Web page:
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 ~ If The Salt Loses Its Saltiness ~

         Perhaps because of reading too quickly, or the movie scenes, many have the impression that the “Sermon on the Mount,” a wondrous compiling of Jesus’ teachings on almost everything, was given to the multitudes. However, “When he saw the crowds, he went up on a mountainside and sat down. His disciples came to him, and he began to teach them, saying: Blessed are the poor in spirit…” (Matthew 5:1-3a, NIV).

        The rabbinical tradition of teaching was the reverse of our practice. Today our professors of truth and faith stand to signal the importance of the teachings. The rabbis of Jesus’ time would sit, and disciples knew they wanted to convey something of importance. They would then sit around them, prepared to listen. Recall how Jesus stood to read Isaiah’s prophesies about Him in a synagogue, closed the scroll, then sat down to proclaim, “Today, this prophesy is fulfilled in your presence.”

        So the many chapters in Matthew and Luke were addressed to His disciples, not to the world. We are the salt of the earth, not all the eavesdropping, curious mass of people drawn to Jesus. Sure, the crowds made their way to where Jesus was teaching His disciples, pushing to get within hearing range of the Master. And “the crowds were amazed at his teaching, because he taught as one having authority, and not as their teachers of the law” (Matthew 7:29, NIV). We, however, when pondering Scripture, must keep in mind the intended audience, and the distinction between the disciples and the crowds. Remember, in the end, it was those same crowds and not the disciples who clamored and rallied for Jesus’ crucifixion.

         Although Jesus was hailed as a prophet by many in His day and in our own, striking distinctions prevail. The prophets, like Jesus, proclaimed righteousness, judgment, repentance and God's words. Unlike Jesus, they didn't garner the hearts, love and following of the common and poor people who constantly thronged the Lord. No prophet ever came close to the visible righteousness and wisdom of Jesus. The people, unlike with Jesus, never rallied behind a prophet in pressure to make him their king.

        Prophets were hated and considered dangerous. Many resisted their God-appointed task. Jeremiah even cursed his parents for his birth. But their holiness and anointing were recognized by even pagan enemies. They were feared. Herod did not want to behead John the Baptizer. He feared, respected and protected him. Even after the crew of the boat carrying Jonah understood the mortal danger of the storm was due to Jonah's resistance to his God, they resisted the solution of throwing Jonah overboard and would not have except for Jonah's own insistence.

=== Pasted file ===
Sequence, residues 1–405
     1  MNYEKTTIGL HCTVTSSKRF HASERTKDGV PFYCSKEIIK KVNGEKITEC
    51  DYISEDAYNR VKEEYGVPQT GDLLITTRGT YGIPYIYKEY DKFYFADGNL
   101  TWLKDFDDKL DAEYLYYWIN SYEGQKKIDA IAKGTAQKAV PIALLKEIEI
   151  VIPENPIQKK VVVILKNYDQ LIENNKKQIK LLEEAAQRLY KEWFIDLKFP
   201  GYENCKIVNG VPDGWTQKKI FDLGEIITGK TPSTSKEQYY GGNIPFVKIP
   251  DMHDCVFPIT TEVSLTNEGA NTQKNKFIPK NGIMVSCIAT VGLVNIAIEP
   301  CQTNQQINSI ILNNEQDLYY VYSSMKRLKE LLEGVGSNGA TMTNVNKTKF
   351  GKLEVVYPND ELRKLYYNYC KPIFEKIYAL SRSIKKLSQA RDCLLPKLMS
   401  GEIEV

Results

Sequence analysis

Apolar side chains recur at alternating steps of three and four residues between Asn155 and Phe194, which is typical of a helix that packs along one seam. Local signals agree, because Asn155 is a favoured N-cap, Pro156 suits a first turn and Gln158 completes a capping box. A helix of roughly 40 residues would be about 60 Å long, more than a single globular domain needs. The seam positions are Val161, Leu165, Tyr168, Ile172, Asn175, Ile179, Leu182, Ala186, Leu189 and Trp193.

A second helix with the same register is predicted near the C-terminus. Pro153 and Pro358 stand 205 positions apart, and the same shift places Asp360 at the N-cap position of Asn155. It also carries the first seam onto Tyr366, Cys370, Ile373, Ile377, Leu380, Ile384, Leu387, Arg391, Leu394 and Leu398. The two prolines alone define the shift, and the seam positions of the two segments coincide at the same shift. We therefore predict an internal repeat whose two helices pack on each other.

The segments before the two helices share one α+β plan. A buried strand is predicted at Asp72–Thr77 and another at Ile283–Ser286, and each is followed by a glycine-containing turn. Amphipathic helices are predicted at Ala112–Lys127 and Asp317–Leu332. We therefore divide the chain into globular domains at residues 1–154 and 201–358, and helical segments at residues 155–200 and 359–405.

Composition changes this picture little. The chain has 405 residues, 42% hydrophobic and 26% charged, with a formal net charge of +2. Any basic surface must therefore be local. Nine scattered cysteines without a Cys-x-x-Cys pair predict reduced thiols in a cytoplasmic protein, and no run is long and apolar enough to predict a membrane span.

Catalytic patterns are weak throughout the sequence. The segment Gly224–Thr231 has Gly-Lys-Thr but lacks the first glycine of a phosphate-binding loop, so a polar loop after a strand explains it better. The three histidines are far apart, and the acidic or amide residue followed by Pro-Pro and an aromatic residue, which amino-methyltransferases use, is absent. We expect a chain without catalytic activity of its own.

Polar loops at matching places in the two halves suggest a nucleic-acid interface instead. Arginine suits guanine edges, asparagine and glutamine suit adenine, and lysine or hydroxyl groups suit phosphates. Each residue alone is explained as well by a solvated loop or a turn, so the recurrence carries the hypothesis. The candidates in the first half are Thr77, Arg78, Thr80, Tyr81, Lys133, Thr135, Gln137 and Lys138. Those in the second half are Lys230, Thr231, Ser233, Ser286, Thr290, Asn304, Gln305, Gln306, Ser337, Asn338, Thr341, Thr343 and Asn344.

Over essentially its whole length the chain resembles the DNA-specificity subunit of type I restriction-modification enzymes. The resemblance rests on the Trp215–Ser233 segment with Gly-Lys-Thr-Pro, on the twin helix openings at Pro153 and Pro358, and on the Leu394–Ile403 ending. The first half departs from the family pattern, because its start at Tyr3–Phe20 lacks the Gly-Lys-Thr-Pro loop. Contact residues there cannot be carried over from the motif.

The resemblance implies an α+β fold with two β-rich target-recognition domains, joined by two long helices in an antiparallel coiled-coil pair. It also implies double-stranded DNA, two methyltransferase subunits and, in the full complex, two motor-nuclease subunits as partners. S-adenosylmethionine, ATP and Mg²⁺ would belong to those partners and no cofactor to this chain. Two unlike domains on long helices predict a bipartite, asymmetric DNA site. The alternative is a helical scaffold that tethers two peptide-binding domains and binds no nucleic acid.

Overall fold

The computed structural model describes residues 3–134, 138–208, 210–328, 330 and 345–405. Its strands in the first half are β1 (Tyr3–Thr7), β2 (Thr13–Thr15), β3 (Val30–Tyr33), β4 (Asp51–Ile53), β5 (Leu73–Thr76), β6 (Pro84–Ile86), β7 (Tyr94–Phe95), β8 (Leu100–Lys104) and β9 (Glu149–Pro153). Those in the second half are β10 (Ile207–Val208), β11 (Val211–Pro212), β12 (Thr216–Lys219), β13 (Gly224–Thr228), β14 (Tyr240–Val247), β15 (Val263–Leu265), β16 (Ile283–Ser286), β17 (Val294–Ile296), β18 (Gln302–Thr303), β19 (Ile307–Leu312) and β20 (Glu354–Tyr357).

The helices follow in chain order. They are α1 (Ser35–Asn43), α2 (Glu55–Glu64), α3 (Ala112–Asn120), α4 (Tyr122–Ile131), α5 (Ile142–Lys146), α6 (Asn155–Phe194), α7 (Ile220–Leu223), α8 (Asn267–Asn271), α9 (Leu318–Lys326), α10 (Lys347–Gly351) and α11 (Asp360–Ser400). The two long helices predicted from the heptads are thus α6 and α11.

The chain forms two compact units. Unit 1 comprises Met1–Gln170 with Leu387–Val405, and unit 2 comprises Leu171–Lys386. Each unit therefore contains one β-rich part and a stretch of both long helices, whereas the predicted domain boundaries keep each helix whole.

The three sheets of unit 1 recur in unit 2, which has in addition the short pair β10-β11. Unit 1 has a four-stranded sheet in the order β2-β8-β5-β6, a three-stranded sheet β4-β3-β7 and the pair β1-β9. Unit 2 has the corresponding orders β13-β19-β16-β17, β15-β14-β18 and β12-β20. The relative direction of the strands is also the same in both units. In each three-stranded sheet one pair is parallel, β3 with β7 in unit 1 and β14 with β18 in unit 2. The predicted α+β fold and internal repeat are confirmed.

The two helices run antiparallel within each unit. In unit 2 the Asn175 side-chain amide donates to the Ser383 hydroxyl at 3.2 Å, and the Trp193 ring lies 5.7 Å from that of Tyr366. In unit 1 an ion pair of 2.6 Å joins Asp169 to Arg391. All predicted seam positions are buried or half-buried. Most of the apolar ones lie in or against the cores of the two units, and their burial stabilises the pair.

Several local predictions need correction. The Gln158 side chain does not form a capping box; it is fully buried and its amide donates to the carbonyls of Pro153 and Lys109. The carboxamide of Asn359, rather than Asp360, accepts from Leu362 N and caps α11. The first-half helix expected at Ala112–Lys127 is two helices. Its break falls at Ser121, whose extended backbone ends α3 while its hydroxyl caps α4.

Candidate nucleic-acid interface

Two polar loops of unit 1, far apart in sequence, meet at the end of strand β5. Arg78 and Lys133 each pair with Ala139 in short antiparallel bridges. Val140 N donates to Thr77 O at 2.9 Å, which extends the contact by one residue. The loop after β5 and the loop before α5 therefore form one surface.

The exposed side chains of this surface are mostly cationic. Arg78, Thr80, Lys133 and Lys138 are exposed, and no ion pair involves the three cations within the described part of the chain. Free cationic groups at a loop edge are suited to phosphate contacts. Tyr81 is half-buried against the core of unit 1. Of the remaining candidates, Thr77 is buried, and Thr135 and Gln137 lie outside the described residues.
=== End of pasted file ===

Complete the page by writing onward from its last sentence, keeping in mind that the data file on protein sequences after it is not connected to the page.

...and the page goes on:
Prophets were often lonely and frightened, although we get the impression God was constantly talking to them. After Ezekiel proclaims God's warning to Israel (Ezekiel 33), he waits about 12 years to hear from God again, this time a vision of the restoration of the great temple (Ezekiel 40). John the Baptizer hadn't heard directly from God for so long that, during his incarceration, he sent his disciples out to Jesus with questions. Yet their faith sustains their loyalty, echoed in the psalmist's words, “I will sing of your love and justice to you, O Lord, I will sing praise. I will be careful to lead a blameless life – when will you come to me?” (Psalm 101:1-2a, NIV). The New Jerusalem translation puts it, “My song is of mercy and justice; I sing to you, O Lord. I will walk in the way of perfection. O when, Lord, will you come?”

        How wondrously prayed! King David renders awesome praises and love, committing to a life of righteousness, then slams us with the final line, “O Lord, when will you come, when will I hear from you again?” We suddenly realize that even during those spiritual deserts and seeming abandonment (“Why have you forsaken me, O God?”, (Psalm 22), the servant of God continues to be loyal and praising. This is a comfort to many of us who remain on the difficult, narrow road, unperceiving of God's faithfulness and steadfast presence. “Faith is the assurance of things not visible.”

        To live otherwise is to destroy the savor of our salt. Jesus said such tasteless and impotent salt is useless, to be thrown away. Any Christian “worth his salt” will keep that salty flavor strong. And his or her light must be set on a hill, or, at least, on the ceiling or stand, not under the bed, as Jesus put it.